Rajini Rao is a professor of physiology at the Johns Hopkins University, has chaired the Committee on Professional Opportunities for Women at the Biophysical Society and is co-founder of, a blog site dedicated to promoting the careers of women in science.

A need for more minority leadership

Are women and minorities given a seat at most tables? The Minority Graduate Student Network was first created as a support network for minorities in graduate programs throughout New York City. Since its inception it has grown to provide professional development, career opportunities and leadership training as well. Feedback from members indicate that leadership positions within academics and industry often lack underrepresented minority representation or do not address many of the circumstances that concern minority students in the sciences. MGSN now has a reach of more than 400 local students. As the number of students voicing similar concerns within MGSN grows, it must be considered that more minority advocates in leadership positions are needed.

Rodrigo Valles Jr. is the associate program director at Hunter College, City University of New York, Center for Translational and Basic Research. He wrote on behalf of the Advisory Board of the Minority Graduate Student Network.

Underrepresented minorities are game changers

I’ve seen more appreciation for challenges that face women, LGBTQ and minority scientists in the past two years than I have seen in the prior two decades. While these groups are now being included to some degree, where I see the biggest changes are that we are doing far better at calling out harassment and bias. Even with that, I think we have yet to hear the real angst of the LGBTQ community, because it is still unsafe for many scientists to come out, as many states still don’t have nondiscrimination protection and you can be fired for being gay.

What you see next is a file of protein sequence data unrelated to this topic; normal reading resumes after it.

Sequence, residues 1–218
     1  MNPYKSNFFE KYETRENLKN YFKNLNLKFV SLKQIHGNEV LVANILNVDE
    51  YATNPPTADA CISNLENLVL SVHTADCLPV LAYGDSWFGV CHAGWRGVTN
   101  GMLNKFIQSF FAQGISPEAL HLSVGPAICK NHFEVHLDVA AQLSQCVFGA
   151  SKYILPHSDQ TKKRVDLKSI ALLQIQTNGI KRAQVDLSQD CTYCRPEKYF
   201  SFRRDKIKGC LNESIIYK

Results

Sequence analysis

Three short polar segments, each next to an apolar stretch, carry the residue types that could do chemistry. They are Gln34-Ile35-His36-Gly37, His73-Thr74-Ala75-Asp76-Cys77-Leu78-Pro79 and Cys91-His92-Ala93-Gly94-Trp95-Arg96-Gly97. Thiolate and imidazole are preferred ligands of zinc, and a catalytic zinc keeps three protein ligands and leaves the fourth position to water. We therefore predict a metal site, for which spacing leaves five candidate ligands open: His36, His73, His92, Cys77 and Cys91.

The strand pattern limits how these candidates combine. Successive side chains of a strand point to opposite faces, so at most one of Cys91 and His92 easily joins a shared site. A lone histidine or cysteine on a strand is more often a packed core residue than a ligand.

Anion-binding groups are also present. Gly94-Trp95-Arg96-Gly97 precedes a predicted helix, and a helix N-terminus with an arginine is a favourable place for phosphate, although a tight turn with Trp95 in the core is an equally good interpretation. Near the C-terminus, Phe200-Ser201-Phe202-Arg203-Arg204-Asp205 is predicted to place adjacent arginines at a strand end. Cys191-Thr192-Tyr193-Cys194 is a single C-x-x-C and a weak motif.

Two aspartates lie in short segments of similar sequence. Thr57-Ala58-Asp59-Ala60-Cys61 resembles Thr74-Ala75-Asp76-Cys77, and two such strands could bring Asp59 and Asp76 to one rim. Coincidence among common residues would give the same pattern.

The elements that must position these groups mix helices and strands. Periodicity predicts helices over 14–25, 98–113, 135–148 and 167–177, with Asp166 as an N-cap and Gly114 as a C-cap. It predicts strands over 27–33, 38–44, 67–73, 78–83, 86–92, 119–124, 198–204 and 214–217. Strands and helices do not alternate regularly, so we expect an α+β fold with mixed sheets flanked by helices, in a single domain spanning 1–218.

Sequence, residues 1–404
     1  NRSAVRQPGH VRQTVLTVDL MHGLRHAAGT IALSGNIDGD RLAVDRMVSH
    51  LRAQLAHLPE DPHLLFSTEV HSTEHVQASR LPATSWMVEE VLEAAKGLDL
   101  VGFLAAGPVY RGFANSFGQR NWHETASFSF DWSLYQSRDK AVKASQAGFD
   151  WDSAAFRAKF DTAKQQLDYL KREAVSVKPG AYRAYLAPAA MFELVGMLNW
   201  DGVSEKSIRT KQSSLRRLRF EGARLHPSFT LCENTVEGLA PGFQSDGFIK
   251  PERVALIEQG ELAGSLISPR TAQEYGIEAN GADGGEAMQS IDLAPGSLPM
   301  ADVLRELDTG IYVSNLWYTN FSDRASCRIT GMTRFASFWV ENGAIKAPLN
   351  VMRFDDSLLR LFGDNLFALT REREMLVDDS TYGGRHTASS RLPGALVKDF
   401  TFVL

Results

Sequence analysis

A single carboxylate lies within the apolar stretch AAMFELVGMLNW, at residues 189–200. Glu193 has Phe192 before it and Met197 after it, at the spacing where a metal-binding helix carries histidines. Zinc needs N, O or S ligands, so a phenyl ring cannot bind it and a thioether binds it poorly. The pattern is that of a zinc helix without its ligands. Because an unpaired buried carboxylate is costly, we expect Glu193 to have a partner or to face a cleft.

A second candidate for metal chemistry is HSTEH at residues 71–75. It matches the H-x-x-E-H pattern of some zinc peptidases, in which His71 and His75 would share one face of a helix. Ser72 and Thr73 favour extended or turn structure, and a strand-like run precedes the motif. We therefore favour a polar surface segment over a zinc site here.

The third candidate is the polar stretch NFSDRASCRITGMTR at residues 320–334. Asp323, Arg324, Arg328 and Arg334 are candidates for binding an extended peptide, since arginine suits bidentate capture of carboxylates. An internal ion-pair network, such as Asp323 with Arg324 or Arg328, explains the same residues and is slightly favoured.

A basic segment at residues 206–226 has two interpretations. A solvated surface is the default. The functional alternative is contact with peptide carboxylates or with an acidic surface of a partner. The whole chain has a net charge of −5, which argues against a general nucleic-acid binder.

While these conversations of inclusion are coming to the forefront, I worry that the problems of unconscious or conscious racial or gender bias have become more covert. I see a lot more “punching down” — where there is a real push to stabilize funding for near-retirement principal investigators or even well-established groups. It’s pretty obvious that the groups that are going to be most impacted by senior PIs getting more earmarked money will be the most vulnerable junior and midtier investigators who are far more diverse. That tension hasn’t been well addressed, and I don’t see that the National Institutes of Health can have it both ways.

I hate that so many universities and societies seem to be reinventing the wheel for themselves and hoping that simply getting a diverse faculty on campus will solve their problems. There seems to be genuine shock that a female, LGBTQ or underrepresented minority wouldn’t simply be grateful for a job. I’m always surprised when people are unaware that these folks are going to be game changers. And that’s a great thing. Everyone in my lab is either a woman or from a racially underrepresented group — or both — and I couldn’t wish for a better group of people. They are smart as all get-out, will ask and then answer the best questions, read everything and are crazy enthusiastic about getting work done. I love that they know there is no one else who will be effecting change and that they need to do it. You can’t teach this. It comes knowing they have great obstacles and hopefully powerful cheerleaders making opportunities for them.

BethAnn McLaughlin is an assistant professor of neurology and pharmacology at Vanderbilt University and TheEdgeforScholars.Org’s director of awesome.

Expand diversity efforts from the top down